You get what you pay for: A new way of thinking about the cost of a franchise

scalesHave you ever wanted to buy something you were excited about, so much so you justified the cost, even if it didn’t make sense from a cost/benefit perspective? And, have you ever bought something on which you spent all of your discretionary cash, but then you had no funds to maximize the enjoyment of that item (e.g. you end up eating McDonald’s in Italy)? It happens to all of us at some point in both personal and professional settings. If you are pursuing a franchise opportunity, however, this behavior can turn a great thing into something you would like to shove in a closet and never mention again.

To avoid turning your franchise dream into a cast-off, it helps to first understand the true costs and benefits of being awarded a location(s). If you are only considering whether you can afford the franchise fee and initial projected investments, you are missing some major components of a diligent review of the opportunity. Here are a few tips to improve that diligence and to increase your understanding of the cost/benefit structure:

  1. Have the franchise developer explain the franchisor view of the franchise fee.  Is it just the cost to use the brand in a certain market? What do you get in the startup process once you pay that fee to set you up for longer-term success? Certainly you are pursuing the franchise because the brand and opportunity appeal to you, but try to dig deeper to see if the fee is only a pay to play to participate with the brand or is only viewed as the entry-level investment of a partnership.
  2. You should certainly review and understand investment ranges presented in FDDs, but it wouldn’t hurt to ask other franchisees in the system regarding their initial investment or question the franchise developer as to how those ranges are collected and calculated.  You should also perform an independent review with vendors to ascertain estimates of costs yourself.  And go Sherlock in your attempt to uncover hidden costs! This is not meant to imply that franchisors are willfully hiding costs, but every business has costs (e.g. state regulations) which might not be apparent on the surface.
  3. Finally, invest the time to understand any royalties, recurring fees, or cyclically driven costs of operations which are part and parcel with the opportunity. You should at least be able to sustain those as your revenue generation ramps up. And please, please ask questions about break-even and timeframes. This tip takes us to a bigger discussion, one of costs versus investment.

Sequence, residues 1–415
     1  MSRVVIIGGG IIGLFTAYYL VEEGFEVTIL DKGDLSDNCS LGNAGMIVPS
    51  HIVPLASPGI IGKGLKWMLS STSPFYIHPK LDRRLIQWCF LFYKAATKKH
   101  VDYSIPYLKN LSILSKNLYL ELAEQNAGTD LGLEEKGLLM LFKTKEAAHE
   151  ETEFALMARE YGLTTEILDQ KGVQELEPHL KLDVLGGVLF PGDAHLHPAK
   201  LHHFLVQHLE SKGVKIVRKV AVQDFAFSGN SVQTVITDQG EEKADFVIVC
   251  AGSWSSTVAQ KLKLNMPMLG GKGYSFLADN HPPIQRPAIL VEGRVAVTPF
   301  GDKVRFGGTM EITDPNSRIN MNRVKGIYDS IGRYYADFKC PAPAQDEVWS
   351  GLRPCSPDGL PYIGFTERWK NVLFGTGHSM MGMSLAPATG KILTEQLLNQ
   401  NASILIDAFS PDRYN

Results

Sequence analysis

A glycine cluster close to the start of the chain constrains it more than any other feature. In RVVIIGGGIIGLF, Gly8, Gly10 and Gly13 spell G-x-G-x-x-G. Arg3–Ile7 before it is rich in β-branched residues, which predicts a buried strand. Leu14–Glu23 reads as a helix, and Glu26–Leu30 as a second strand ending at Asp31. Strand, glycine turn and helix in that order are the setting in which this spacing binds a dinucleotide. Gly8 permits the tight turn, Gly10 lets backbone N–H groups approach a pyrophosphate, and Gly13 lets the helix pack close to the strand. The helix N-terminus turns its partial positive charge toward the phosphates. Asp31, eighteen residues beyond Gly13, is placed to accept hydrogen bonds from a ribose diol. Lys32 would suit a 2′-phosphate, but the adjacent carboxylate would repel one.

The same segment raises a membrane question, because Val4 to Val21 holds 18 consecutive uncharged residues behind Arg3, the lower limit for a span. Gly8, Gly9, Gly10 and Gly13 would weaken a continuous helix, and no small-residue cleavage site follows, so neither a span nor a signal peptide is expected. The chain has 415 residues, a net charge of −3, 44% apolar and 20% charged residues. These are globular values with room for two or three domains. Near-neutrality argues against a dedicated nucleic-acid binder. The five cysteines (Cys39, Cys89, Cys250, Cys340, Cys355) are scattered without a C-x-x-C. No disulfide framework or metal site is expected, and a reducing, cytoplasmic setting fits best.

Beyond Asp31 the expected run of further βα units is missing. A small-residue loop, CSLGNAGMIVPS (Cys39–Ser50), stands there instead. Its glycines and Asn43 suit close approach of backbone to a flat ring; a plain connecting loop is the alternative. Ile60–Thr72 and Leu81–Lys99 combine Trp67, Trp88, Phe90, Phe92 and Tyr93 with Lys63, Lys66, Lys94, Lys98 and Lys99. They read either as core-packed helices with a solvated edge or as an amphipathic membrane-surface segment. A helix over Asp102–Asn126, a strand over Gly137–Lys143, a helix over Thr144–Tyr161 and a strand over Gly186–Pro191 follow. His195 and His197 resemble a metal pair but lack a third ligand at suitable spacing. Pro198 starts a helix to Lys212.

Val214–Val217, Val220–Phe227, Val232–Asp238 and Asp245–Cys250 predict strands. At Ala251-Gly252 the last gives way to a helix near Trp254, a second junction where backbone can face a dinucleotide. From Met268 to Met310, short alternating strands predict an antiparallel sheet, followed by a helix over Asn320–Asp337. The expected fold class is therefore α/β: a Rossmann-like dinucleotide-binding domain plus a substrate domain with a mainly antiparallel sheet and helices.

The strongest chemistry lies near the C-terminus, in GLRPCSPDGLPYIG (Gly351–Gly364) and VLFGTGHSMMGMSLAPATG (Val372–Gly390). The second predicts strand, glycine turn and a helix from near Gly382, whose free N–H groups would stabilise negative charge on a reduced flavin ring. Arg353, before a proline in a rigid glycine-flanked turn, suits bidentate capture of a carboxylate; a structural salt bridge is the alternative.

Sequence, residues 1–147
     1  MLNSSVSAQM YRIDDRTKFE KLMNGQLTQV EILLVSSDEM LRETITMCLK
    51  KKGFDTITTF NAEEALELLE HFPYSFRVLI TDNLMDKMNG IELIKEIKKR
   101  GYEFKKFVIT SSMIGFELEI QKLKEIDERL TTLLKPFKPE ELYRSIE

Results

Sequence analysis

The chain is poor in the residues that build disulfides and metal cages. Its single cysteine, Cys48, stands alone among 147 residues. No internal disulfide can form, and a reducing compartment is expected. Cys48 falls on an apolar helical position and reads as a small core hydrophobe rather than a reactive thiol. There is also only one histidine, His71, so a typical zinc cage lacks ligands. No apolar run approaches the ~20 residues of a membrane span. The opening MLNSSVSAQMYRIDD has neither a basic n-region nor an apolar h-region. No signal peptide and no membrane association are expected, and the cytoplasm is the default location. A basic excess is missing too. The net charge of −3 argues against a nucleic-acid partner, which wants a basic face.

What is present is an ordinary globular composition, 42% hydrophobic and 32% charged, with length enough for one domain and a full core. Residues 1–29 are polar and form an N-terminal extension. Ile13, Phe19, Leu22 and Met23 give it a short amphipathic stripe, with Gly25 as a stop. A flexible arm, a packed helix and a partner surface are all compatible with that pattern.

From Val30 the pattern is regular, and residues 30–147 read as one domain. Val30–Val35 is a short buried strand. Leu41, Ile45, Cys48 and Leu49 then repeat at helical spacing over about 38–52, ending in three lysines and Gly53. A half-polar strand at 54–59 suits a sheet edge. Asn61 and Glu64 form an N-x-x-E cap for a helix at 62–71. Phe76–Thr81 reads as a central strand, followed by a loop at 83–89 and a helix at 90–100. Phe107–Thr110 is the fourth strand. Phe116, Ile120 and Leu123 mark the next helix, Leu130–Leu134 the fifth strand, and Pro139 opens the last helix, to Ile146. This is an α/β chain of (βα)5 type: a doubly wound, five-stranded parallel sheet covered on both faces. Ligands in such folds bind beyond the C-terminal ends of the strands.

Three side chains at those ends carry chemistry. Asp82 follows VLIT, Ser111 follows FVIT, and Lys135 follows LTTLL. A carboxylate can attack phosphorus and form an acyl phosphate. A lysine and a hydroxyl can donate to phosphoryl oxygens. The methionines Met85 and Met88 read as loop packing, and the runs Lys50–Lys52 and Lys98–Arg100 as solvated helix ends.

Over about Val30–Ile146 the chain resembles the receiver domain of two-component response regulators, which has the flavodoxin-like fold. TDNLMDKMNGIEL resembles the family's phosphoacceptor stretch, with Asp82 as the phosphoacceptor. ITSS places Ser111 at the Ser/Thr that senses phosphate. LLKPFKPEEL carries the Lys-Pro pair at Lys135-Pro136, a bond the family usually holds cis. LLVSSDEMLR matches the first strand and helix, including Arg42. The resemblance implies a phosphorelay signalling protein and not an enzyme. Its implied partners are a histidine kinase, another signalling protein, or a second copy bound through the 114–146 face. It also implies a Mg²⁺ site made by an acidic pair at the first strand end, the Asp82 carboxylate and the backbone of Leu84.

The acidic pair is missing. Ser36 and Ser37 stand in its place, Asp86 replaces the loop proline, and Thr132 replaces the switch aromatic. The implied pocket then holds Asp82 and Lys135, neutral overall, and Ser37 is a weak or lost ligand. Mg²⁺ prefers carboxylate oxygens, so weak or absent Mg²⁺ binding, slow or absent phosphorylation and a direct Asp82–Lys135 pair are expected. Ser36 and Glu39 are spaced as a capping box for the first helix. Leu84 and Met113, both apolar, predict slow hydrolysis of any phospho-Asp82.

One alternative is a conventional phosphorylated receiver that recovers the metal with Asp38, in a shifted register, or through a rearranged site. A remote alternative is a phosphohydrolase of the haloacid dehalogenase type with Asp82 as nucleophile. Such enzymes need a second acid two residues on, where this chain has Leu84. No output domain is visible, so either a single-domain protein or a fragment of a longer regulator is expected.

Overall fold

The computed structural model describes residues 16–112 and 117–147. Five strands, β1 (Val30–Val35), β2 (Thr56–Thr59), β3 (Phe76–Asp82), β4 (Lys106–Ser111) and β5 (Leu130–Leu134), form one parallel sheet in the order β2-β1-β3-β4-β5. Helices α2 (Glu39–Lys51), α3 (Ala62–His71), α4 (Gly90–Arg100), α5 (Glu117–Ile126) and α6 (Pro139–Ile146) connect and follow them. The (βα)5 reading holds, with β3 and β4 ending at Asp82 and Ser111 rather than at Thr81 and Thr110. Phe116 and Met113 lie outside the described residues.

I have seen many people focus on whether they can afford the franchise fee and initial costs.  Sometimes, they even convince themselves they can make the lowest number in the investment range work. They then plan to stretch their finances to either cover that lowest buy-in point or they don’t acquire additional capital in support of anything beyond that low buy-in point. This is not a path that you want to go down, nor should you pursue a franchise opportunity with a franchisor who doesn’t match your financial bandwidth nor cares whether they do. Sweat equity is great, but it won’t completely make up for a capital deficiency. And capital is not just about covering your costs; it is about investing beyond the costs to maximize your experience and achieve success more quickly and/or with less professional AND PERSONAL strain. Just like you don’t want to eat McDonald’s on your dream trip to Italy, you don’t want to buy something you then don’t have the capital to invest in a growth-oriented proposition. And the stakes are much higher on the downside than eating hamburgers in Italy. Therefore, let’s shift your viewpoint a little to set you up for success.

You need to shift your diligence process from buying a franchise to one where you see yourself as an investor in a system. How happy are other investors in that system? What was their cost/benefit and risk/reward mindset when they invested initially, and how do they view things now? Does your franchise developer speak in terms of investment and partnership? This is the language an investor should use or recognize when trying to find an opportunity that will build them not break them. May you find that franchise opportunity which matches your dream!

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